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Intermodulation
Bill Evans, Jim Hall
Intermodulation
Genres: Jazz, Pop
 
  •  Track Listings (6) - Disc #1


      
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CD Details

All Artists: Bill Evans, Jim Hall
Title: Intermodulation
Members Wishing: 1
Total Copies: 0
Label: Polygram Records
Release Date: 10/25/1990
Genres: Jazz, Pop
Styles: Cool Jazz, Modern Postbebop, Bebop, Adult Contemporary
Number of Discs: 1
SwapaCD Credits: 1
UPC: 042283377127

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CD Reviews

Together Again
MikeG | England | 06/09/2004
(4 out of 5 stars)

"The first Evans-Hall duo album, Undercurrent, was too good to be a one-off and so a few years later they made this follow-up. Whether it's as good as Undercurrent is a matter of opinion. Both artists are in good form, which you might think is recommendation enough: and I do prefer the way in which the recording separates guitar and piano between the two stereo channels, unlike Undercurrent, which rather oddly seems to place the guitar in front of the piano in the overall 'sound picture'. However, there's a degree less warmth and depth in the recording than on Undercurrent and it may be this that makes the playing on Intermodulation seem a bit more detached and cerebral.

There are good things here, though. I like the oblique approach to " I Get a Kick out of You", which begins with a nicely shaped improvised chorus from Hall on the familiar chord sequence and only directly states the tune (on the piano) at the end. Both artists seem to play with more relaxation and assurance at this kind of up-tempo on Intermodulation, although on both albums, most of the pieces are slower-paced. Of the slower pieces, "My Man's Gone Now" is particularly successful: the sombre, bluesy melody from Porgy and Bess bringing out the more emotive side of their playing. There's some committed playing on the two ballad originals, although Hall sounds rather tentative, and tonally bland, on Evans's "Turn Out the Stars", perhaps because of a lack of familiarity with the piece. Both artists play atmospherically on Hall's "All Across the City" - as they did, even more impressively on Hall's "Romain" on Undercurrent.If you don't have either of these duo albums, Undercurrent is the one to try first. Intermodulation, with its well-balanced programme of interestingly chosen material makes a good sequel, although its playing time is short for a CD. Undercurrent, with its `bonus' tracks is better in quantity as well as quality."
Sublime
Peter Kaiafas | Valpo, IN | 05/24/2004
(5 out of 5 stars)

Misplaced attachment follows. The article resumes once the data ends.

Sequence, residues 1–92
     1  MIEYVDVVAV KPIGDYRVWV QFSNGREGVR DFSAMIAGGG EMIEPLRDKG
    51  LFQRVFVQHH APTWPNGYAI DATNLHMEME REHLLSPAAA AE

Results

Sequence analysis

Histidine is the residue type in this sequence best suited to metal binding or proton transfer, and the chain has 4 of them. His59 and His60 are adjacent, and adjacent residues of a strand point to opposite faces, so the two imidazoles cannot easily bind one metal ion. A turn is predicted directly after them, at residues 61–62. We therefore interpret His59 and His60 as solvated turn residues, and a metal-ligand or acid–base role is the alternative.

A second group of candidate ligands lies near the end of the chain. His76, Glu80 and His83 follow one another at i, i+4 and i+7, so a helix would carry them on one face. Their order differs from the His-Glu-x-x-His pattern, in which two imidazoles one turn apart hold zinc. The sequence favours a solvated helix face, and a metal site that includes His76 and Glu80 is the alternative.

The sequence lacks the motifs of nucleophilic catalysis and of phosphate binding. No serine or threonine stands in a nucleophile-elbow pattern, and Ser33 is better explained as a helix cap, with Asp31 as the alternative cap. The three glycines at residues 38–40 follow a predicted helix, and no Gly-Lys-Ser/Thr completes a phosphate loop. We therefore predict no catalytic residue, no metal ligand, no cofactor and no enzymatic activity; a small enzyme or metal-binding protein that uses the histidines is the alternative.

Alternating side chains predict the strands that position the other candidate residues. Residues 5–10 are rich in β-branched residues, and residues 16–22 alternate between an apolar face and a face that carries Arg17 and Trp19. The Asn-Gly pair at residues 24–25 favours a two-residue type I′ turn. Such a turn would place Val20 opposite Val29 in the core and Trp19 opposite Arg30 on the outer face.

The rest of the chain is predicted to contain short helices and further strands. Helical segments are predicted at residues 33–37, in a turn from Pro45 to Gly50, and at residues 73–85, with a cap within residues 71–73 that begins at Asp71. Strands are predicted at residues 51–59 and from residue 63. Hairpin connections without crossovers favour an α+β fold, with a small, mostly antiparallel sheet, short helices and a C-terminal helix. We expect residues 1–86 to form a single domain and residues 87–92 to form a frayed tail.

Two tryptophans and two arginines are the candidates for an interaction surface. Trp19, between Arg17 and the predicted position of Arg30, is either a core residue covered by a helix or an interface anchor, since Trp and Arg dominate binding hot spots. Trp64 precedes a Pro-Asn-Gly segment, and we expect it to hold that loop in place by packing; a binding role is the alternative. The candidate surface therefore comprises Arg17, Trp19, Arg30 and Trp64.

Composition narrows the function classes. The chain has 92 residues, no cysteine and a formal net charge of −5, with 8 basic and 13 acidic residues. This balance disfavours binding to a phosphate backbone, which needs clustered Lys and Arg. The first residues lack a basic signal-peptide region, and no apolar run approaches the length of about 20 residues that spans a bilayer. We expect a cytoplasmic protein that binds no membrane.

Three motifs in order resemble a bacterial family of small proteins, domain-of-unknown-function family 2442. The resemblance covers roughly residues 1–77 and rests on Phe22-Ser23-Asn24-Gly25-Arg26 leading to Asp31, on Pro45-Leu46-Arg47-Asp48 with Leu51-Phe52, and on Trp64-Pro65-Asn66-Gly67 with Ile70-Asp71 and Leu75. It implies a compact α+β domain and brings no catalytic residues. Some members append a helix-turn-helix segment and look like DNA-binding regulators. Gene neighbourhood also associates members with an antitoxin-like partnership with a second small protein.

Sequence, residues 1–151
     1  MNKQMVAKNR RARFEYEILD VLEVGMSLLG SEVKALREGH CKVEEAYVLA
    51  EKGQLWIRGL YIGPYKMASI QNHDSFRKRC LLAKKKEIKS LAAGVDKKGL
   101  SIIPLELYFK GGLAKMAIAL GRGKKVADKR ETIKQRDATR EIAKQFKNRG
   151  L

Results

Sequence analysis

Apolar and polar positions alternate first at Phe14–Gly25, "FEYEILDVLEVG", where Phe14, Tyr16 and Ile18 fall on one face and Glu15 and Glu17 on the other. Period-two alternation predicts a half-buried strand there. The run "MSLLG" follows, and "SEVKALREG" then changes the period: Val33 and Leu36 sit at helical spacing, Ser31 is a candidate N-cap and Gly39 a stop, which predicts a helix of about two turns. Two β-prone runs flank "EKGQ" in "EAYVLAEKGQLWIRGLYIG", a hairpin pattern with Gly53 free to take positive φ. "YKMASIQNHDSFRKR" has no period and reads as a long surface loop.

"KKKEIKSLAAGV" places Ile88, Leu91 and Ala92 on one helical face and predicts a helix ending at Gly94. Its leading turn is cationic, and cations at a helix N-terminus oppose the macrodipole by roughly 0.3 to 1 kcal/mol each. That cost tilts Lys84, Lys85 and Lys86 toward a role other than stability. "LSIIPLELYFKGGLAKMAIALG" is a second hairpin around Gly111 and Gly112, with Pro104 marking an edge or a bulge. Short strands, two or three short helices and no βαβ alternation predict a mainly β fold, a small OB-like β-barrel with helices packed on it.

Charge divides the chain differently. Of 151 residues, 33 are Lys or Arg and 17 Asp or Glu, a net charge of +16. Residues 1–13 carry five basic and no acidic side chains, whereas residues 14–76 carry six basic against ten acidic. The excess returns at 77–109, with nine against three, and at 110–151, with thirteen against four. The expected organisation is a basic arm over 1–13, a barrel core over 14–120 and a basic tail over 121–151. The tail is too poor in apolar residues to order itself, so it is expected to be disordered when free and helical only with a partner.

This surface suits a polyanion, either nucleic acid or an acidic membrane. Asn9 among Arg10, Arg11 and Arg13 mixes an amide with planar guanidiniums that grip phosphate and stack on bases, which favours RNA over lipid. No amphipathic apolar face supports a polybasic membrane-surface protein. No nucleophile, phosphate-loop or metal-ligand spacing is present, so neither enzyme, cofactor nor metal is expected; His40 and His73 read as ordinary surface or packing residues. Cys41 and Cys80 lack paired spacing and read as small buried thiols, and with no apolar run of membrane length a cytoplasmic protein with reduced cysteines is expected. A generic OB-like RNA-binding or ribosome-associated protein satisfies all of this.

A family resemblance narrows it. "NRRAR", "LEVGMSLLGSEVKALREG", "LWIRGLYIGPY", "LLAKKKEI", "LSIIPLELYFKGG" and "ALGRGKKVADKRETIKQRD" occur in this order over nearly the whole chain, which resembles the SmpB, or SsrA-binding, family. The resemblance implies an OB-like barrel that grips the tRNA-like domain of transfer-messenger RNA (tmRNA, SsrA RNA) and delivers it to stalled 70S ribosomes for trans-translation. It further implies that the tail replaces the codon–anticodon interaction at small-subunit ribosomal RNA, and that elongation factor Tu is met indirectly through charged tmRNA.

"You will not find many jazz recordings that are truly so emotionally profound and beautiful. Evans and Hall are some of my favorite musicians and they truly display their characteristic eloquence on this record.
This is music for a quiet, stormy night alone at home. This is music for those tired and weary by the fast-paced tempo of modern life. Maybe that's why I love Evans. He slows it down. Sometimes it is just better when it is slowed down. Music is not sports. If you want musical olympics then go buy some Charlie Parker. If you want to relax then this is for you."
A classic, now only available as an import. Why?
JayMusic | NJ, United States | 07/04/2004
(4 out of 5 stars)

"This album is one of the acknowledged classic jazz duo recordings by two of the music's great influences. Why it is now only available as an import is a mystery. Recorded in 1966 -- four years later after their first duo album, "Undercurrent" -- this meeting of these two unique jazz minds is a pleasure. Evans now-classic composition "Turn Out the Stars" makes its first appearance on record here; another highlight is "Angel Face" -- wherein a solo fragment Evans played here was later was made into the main melodic motif of the pianist's "Sugar Plum" in 1971. Bill especially liked "Jazz Samba" from this album, saying that "We could not have got the same result with a full rhythm section. It's hard to get that buoyant moving feeling..." In playing jazz, guitar and piano have long had a somewhat difficult time working in empathy with each other -- especially in a duo format without the framework of bass and drums -- both instruments can muddy up the other's middle range. This album (as well as their previous session) should be "lesson #1" in how to do so effectively."